Console makers hate emulators because of how they allow people to play games without buying their hardware or even their games. And yet two of the three biggest gaming console companies have resorted to using those for one of the best selling toys. Of course, they take great pains to lock down access to those but it seems that Sony has goofed up a bit, granting access to the installed emulator’s menu using nothing but USB keyboards.

It’s no longer a secret by now that Sony used the open source PCSX emulator, specifically the ReARMed version, for the PlayStation Classic retro mini console. That fact alone has given modders and hackers some hope but regular users are mostly left out of the fun. But if you have certain brands and models of keyboards, anyone can tweak their PS1 Classic experience. At their own risk, of course.

The folks over at the Retro Gaming Arts channel claim they only came across this “exploit” by accident. They simply plugged in a USB keyboard and pressed the Escape key in one of the games. This brought up a “PCSX Menu” that let them change some emulator settings, including frame rate, emulated CRT scanlines, etc.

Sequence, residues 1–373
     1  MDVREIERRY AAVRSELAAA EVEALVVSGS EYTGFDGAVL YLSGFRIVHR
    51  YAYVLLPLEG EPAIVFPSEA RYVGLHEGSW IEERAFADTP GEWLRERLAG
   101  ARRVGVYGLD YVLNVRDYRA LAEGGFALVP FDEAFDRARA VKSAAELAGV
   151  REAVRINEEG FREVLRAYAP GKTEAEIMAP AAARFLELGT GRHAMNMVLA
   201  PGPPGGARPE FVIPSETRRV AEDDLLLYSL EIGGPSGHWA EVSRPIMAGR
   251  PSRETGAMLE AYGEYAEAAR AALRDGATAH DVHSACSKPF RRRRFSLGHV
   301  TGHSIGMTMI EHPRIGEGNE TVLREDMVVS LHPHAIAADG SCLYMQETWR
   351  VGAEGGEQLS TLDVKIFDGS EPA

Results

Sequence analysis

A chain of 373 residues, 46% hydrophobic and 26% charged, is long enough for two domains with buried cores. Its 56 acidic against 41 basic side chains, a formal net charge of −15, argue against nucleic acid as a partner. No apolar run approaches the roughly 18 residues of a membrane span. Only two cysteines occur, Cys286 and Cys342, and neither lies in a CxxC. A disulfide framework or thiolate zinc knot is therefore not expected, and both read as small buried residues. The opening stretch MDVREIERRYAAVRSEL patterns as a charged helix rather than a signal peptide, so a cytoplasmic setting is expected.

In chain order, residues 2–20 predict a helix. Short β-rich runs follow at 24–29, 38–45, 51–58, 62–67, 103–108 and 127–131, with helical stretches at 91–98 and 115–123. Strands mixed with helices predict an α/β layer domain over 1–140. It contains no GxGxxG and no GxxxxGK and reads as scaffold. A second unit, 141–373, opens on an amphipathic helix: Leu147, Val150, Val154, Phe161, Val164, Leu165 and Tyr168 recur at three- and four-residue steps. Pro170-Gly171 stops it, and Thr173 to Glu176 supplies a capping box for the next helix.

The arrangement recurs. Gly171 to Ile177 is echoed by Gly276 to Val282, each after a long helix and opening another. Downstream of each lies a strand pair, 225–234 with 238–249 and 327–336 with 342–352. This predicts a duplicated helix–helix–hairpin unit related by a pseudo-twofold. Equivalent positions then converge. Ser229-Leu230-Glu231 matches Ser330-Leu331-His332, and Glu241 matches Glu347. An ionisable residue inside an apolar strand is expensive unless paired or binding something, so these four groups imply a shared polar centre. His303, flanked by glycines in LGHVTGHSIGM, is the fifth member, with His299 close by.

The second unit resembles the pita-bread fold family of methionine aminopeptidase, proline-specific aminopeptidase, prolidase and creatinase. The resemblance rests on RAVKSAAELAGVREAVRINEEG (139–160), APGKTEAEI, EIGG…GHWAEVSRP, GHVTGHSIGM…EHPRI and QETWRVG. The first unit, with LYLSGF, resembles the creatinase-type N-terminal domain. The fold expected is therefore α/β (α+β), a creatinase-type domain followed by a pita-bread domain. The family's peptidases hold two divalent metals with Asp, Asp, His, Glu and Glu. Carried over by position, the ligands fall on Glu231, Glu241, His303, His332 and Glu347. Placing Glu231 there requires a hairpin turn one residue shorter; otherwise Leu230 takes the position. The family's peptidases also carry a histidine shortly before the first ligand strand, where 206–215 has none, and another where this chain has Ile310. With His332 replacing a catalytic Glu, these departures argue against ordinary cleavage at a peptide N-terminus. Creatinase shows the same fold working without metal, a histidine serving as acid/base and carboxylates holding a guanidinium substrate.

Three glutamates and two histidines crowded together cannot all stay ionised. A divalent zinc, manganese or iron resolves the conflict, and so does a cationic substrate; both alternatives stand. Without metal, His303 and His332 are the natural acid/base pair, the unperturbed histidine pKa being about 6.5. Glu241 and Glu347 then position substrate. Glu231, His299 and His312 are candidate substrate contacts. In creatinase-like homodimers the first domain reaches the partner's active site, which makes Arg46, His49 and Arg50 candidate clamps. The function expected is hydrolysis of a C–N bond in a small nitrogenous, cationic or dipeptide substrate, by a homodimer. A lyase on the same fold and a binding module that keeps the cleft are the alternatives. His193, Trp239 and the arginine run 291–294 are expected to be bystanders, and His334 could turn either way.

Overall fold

The trick, however, is in the keyboard. Not all keyboards have been proven to work and not all keys work as you might expect either. Gamers theorize that there is due to the less than perfect USB blacklisting in the Classic console, making it possible for some keyboards to bypass the check while others can’t.

This discovery, while not completely useful, is still significant. It could encourage hackers to dig deeper into other open doors Sony may have accidentally left open. Considering how the PlayStation Classic is turning out to be somewhat of a disappointment, the motivation to squeeze out as much use as possible from the small box is even higher.



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